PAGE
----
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    Will do! I'm also using LoRa but not quite completey familiar with it. Any extra info is always helpful.
     
  28. Mar 18, 2019 #28

    BLH

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    Low cost is good. Remember to comply with FCC part 95 and make a legal unit, max transmission time at any frequency in 915Mhz band is 0.400 seconds in any 20 second time frame. At 9600 baud, this means one can only send 400 bytes every 20 seconds using FSK or OOK modulation. It is really tricky to do with LORA because of its slow transition data rate (symbol rate) and only a few bytes can be transmitted at a time... When I was playing with LORA radios, a maximum of 10 bytes could be sent out at a rate of every 5 seconds to comply... Does depend of spreading and BW setting...
     
  29. Mar 19, 2019 #29

    midpower_madness

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    Haven’t seen any rules specific to this in Canada - I do know EByte is FCC approved. We are allowed up 7watt transmitters on 902- 935 mhz spectrum. Did ask about GPS/ GNSS beacons and got the go ahead to build these devices for school here. Right now I operate at 1-5 pulses per second with a
    spreading factor of 502 khz. Power output on the modules is 700-1000 mW at 2.4 Kbps.
     
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  30. Mar 19, 2019 #30

    BLH

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    Wow, in Canada it appears one could use large spectrums and bigger RF power. That's cool! I think here in US the limit is 1W and probably why 30dbm modules are available up there, and here. Nonetheless, I am certainly no expert on radios and regulations, but what I can say about this topic is,

    "1-5 pulse per second" Not sure what that means but if its GPS data packets per second, that's really fast if all one wants is GPS location... How fast can a rocket drift? Depends on the application I guess. If its acceleration data for example, that might be a little slow... Use sim Card is a better idea.

    I think the 502KHz is good as that seems to make it 0.4 seconds of TX time per 10 seconds per part 15 because its above 500.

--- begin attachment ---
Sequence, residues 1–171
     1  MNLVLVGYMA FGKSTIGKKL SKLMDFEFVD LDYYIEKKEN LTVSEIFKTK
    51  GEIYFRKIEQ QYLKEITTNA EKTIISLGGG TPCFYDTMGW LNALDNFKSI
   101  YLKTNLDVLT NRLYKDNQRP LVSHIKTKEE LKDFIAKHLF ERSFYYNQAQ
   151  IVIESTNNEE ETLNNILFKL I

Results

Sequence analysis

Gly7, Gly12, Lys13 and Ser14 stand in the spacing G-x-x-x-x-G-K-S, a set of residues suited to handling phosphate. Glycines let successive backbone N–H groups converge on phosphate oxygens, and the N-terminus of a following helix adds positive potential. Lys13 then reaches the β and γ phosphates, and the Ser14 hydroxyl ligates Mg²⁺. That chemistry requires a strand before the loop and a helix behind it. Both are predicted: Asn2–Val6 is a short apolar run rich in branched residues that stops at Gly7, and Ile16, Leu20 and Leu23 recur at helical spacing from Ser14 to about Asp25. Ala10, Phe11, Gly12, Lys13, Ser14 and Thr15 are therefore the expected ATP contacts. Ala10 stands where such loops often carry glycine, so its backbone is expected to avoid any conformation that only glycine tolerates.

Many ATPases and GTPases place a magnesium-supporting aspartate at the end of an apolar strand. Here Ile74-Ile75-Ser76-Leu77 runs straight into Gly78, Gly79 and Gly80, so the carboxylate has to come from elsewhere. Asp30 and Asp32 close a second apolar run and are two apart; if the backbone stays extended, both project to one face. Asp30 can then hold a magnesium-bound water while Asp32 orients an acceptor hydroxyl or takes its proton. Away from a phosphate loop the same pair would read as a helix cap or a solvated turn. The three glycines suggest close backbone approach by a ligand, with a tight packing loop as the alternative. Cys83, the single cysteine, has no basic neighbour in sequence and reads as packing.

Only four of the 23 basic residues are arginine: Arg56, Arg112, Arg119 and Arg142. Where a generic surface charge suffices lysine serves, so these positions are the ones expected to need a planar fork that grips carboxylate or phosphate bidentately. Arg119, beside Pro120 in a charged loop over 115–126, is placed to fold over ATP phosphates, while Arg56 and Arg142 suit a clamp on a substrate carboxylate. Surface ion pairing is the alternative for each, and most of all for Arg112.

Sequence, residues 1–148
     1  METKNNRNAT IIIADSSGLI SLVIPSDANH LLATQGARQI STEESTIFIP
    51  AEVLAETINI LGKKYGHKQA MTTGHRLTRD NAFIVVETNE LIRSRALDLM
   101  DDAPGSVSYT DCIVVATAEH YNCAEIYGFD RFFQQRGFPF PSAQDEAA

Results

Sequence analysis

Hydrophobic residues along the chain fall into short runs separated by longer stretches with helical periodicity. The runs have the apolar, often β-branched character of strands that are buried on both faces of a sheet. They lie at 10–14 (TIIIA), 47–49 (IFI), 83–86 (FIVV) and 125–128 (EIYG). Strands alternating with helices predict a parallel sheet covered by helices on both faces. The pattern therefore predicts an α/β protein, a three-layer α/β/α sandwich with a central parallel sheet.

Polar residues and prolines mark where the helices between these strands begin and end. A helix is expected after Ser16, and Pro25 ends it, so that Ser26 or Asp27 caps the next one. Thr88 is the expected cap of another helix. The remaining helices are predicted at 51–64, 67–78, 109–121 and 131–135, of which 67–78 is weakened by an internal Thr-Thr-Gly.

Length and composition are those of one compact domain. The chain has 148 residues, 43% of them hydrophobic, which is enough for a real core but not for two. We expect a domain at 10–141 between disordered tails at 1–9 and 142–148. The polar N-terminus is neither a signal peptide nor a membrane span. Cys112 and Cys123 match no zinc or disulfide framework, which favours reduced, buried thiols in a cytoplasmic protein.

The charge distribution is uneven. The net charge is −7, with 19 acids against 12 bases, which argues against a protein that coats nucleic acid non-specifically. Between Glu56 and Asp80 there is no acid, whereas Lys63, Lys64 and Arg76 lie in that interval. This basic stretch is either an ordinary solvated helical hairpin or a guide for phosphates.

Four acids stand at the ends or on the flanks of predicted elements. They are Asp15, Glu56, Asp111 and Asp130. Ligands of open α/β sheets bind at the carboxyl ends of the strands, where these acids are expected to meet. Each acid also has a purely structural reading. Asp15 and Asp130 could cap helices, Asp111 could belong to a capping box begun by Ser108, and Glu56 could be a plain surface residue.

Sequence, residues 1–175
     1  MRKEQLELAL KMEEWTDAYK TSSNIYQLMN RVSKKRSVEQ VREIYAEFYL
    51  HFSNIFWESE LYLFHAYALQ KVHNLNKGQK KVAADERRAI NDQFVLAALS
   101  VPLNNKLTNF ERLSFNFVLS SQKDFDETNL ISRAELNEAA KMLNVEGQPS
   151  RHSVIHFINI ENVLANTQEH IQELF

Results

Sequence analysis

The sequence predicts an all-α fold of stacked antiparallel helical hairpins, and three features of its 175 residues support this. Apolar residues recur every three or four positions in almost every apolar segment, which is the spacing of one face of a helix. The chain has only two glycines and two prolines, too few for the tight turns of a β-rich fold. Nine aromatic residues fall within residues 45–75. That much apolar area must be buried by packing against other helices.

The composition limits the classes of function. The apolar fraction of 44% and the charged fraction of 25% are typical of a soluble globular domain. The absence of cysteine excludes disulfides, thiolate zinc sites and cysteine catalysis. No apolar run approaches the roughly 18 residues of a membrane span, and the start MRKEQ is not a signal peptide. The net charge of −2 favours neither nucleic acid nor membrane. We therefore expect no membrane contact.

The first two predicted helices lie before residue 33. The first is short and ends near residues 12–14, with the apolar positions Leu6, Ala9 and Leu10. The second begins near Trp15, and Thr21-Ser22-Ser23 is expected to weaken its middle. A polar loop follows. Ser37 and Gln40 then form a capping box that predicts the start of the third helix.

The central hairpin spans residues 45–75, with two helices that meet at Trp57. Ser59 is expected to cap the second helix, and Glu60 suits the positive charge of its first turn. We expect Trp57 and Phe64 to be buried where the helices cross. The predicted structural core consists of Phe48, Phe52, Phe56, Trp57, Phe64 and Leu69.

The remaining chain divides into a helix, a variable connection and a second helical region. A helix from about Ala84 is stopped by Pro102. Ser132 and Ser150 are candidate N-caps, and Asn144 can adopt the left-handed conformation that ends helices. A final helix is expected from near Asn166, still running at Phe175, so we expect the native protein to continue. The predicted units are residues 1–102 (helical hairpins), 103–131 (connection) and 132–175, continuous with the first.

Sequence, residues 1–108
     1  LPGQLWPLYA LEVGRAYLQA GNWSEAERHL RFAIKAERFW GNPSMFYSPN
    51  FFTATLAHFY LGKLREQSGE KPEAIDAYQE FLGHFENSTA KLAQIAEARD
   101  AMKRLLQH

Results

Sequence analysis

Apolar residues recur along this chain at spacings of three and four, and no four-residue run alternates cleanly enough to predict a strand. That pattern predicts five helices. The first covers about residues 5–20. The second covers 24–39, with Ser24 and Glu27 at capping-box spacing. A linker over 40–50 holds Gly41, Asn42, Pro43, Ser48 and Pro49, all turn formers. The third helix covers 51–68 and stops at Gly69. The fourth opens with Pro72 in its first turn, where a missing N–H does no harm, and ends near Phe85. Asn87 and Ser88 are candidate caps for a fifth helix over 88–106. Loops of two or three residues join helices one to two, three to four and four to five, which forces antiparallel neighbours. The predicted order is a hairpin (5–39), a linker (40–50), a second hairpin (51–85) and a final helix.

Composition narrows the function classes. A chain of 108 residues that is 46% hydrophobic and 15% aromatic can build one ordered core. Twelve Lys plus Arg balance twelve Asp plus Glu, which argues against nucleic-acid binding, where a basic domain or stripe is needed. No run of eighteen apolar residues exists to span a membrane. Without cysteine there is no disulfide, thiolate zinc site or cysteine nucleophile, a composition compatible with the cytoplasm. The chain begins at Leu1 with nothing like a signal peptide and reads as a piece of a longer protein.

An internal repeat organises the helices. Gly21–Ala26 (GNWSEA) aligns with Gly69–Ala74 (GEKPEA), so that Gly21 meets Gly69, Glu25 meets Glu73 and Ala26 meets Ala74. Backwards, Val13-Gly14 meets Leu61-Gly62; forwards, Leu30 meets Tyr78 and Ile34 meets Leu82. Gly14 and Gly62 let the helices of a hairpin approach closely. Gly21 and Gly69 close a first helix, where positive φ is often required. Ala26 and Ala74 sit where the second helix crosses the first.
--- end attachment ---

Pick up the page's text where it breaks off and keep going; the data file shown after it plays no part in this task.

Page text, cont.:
As for 30dbm, I have had links work over 100 miles with that much power. That's like allot eh! Do you fly rockets up there that require that kind of range? I may come. What's the celling you have?

    I usually set my HPR rocket ISM band TX power around 16dbm to get around 10 miles range. In amateur radio, remember to be polite and don't blast large amounts of data out at max power for no reason... Lower power is hugely advantageous to battery life also as RF amps have notoriously low efficiency and suck your batteries dry fast. And their heavy...

    It seems in the 915MHz ISM band, the two things they don't like for obvious reasons are,

    1) Spurious harmonic emissions from impedance mismatches, nonlinear amp drive(Higher Power Harmonics), etc. that cause interference in other bands.

    AND

    2) Devices that transmit on one frequency for extended times and "Jam" the channel.

    Frequency hoping is the desirable link architecture for the ISM band.

    On 2400baud, that will give improved signal to noise as slower is better for data errors... Awfully slow though. I'll bet at 500KHz spread, 4800 will work for great distance. If my math is right, every doubling of the BAUD rate will half the Tx time. With LORA I'll bet 14400 is even doable. Now that will make your batteries smile!

    There are so many possible configurations, who knows... Happy tracking!